Nora Moses, Contributing Photographer

Ukrainian students spoke about the necessity of continued support for Ukraine at a vigil on Saturday to mark the second anniversary of Russia’s full-scale invasion. 

About 60 people attended the vigil, which was organized by students from the Ukraine House at Yale. As people gathered at Cross Campus, organizers placed the Ukrainian flag, flowers and candles on the Women’s Table. The vigil featured speeches by Ukrainian students, a moment of silence and a prayer for peace.

“Ukrainians are tired of war, but we do not have an option of ignoring it,” Ukraine House President Daria Valska ’26 said at the vigil. “We cannot pretend it doesn’t exist because it’s not on the front pages anymore. So today I ask you to keep supporting Ukraine, as the war is still as present as it was two years ago.”

Valska told the News that the main goal of the event was to commemorate the victims of Russia’s attacks, but also to thank the people supporting Ukraine’s resistance — “first and foremost, the Ukrainian soldiers,” Valska said. 

At the event, Valska also spoke about the importance of continued support for Ukrainian resistance to Russia. She explained that for many Ukrainian people, the conflict began 10 years ago with the Russian annexation of Crimea. 

Christina Logvynyuk ’25, a Ukrainian American who has family in Ukraine, also spoke about her experience learning about the invasion of Ukraine and constant fear for her peers there. 

“The next few days [after the invasion] were spent in a nightmarish state,” Logvynyuk said. “I was afraid to go to sleep at night out of fear that I would wake up to more mass casualties and rubble. So I would wait to go to sleep at least until the sun rose over Ukraine. That way I knew it had made it another day.”

Logvynyuk shared her translation of a poem by Victoria Amelina, a Ukrainian writer, titled “The Losses of the Ukrainian Army.” The poem describes different people killed in the war and emphasizes the personal nature of the losses beyond public casualty counts. Russian forces killed Amelina in June 2023 during their attack on Kramatorsk. 

The next speaker was Yevheniia Podurets ’26, a student who grew up in Kherson, Ukraine. Podurets spoke about how the war has made her feel “like [her] childhood and life before has forever exploded.” 

The southern city of Kherson was the first Ukrainian city to fall to Russian control. In November 2022, Ukrainian forces liberated the city. Now, Kherson remains at the forefront of Russia’s offensive and the city has been widely abandoned, with buildings destroyed and streets filled with broken glass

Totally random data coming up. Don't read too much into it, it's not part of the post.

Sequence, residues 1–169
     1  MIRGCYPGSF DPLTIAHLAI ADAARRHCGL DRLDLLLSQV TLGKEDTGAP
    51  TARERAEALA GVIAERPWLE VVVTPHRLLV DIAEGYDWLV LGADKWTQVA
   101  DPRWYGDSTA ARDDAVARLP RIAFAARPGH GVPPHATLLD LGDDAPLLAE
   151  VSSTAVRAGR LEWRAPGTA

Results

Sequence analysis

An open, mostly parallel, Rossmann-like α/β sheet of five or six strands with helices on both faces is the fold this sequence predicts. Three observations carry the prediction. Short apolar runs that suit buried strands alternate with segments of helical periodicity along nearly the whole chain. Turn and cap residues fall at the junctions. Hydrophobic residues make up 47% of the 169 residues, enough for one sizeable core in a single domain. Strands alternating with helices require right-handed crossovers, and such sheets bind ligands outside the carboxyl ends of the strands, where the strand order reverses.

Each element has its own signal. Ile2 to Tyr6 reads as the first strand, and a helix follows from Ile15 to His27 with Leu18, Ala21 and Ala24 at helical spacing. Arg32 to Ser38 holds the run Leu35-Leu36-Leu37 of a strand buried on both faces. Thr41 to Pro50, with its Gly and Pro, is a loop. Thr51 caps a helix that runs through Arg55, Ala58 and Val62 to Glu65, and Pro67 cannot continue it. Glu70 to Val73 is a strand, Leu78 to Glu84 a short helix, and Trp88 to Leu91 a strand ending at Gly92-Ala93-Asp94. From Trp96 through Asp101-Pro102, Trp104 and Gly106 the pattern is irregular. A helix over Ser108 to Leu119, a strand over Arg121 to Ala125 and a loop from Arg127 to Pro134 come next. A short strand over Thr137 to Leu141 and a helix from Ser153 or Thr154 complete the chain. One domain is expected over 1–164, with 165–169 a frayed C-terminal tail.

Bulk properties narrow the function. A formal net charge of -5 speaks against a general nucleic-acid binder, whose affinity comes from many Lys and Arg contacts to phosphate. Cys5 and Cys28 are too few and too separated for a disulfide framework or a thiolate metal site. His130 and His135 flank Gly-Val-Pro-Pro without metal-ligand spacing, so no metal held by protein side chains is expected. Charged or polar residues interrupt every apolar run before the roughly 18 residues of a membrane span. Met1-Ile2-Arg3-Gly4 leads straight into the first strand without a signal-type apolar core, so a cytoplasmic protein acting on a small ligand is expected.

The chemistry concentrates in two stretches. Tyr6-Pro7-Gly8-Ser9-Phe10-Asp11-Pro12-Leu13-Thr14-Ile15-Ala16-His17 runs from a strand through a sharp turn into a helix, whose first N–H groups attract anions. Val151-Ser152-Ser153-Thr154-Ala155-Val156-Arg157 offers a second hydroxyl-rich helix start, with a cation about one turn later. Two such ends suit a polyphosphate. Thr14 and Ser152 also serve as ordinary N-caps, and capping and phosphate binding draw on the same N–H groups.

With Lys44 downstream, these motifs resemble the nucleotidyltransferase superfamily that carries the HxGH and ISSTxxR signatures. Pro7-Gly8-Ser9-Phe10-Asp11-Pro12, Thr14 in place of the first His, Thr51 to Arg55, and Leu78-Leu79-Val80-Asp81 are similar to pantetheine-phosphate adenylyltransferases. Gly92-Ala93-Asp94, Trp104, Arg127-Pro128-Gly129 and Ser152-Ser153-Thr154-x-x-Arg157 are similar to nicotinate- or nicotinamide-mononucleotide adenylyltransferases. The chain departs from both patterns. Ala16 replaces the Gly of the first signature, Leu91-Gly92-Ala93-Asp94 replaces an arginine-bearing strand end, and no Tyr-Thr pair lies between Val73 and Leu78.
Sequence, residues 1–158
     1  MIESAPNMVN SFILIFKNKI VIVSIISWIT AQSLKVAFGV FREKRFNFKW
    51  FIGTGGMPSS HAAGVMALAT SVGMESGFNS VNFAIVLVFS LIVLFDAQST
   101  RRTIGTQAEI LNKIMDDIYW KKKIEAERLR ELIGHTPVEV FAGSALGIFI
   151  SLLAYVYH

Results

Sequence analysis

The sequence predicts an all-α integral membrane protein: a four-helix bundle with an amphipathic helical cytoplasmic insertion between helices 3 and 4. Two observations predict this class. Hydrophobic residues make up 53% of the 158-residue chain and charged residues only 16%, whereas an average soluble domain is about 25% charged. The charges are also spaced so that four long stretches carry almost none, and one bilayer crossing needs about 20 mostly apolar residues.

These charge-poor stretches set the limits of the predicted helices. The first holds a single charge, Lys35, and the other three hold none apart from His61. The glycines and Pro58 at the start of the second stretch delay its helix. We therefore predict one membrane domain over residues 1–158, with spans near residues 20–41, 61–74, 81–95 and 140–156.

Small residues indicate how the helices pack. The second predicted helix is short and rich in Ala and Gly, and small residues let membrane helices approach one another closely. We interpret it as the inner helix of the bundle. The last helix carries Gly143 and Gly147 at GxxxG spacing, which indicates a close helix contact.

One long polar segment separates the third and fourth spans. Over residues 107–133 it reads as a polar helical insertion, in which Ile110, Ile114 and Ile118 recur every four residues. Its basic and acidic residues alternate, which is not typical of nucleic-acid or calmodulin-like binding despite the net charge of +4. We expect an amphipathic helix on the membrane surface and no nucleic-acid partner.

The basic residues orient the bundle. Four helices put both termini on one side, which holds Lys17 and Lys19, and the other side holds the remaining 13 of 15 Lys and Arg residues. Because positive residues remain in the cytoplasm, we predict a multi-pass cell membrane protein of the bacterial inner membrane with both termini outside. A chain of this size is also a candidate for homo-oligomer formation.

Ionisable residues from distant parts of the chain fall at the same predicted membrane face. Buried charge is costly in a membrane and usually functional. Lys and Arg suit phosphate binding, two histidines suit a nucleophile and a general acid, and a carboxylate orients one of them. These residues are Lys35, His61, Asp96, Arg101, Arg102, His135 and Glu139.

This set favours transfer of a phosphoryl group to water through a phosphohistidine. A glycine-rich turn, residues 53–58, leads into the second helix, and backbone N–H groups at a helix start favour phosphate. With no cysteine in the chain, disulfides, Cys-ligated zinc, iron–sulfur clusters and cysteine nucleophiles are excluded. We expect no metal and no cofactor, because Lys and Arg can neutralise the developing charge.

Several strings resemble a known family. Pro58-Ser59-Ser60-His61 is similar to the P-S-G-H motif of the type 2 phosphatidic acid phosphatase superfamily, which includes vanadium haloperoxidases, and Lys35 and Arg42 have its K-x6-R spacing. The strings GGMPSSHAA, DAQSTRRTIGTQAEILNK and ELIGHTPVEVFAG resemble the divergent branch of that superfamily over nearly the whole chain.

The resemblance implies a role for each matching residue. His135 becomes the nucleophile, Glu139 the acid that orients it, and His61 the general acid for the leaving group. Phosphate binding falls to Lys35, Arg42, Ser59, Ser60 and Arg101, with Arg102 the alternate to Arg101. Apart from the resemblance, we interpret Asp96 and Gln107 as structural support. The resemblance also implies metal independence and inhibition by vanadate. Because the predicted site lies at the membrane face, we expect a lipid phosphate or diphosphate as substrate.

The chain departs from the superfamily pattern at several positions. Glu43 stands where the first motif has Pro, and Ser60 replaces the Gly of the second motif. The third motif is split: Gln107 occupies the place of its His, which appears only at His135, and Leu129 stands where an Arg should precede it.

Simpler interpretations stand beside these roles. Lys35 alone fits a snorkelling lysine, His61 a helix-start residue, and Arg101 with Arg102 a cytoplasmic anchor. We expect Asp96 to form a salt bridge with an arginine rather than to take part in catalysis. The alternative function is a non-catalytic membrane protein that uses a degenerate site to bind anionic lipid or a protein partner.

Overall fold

Podurets also said that anyone who believes in the right to freedom should support Ukraine as “that’s the ultimate way to support freedom today.” 

“It’s about staying true to your beliefs and who you are. It’s about carrying a Ukrainian flag under the Russian occupation even if you’ll receive death threats for that,” Podurets said. 

Ultimately, for Podurets, freedom is about living “in the way that you want to.” 

After Podurets, Oleksii Antoniuk ’24 thanked attendees for “stay[ing] committed” to the cause at a time when many people are fatigued. 

Logvynyuk urged students to continue to check in with their Ukrainian peers, saying that she “wouldn’t have been able to get through these last two years” without the support of her non-Ukrainian friends.

 “Of course, donating is great, but those personal connections, supporting your friends — you truly don’t know what that means to a lot of us,” she said

In the final student speech, Daria Figlus ’26 urged students to advocate for their representatives to continue sending aid to Ukraine. 

On Feb. 12, the Senate passed a bill with $95 billion in aid for Ukraine. The bill faces opposition in the House of Representatives, with House Speaker Mike Johnson, R-La., refusing to put forward the legislation due to pressure from fellow Republicans.  

“We need your help. Talk to your representatives, vote for the representatives. Write to them. You have a voice here. This is America, a democracy. You have a voice,” Figlus said. “We need them to give us weapons and humanitarian aid. We need help. So speak up. Donate to Ukrainian organizations.” 

The Ukraine House at Yale was founded in September 2021.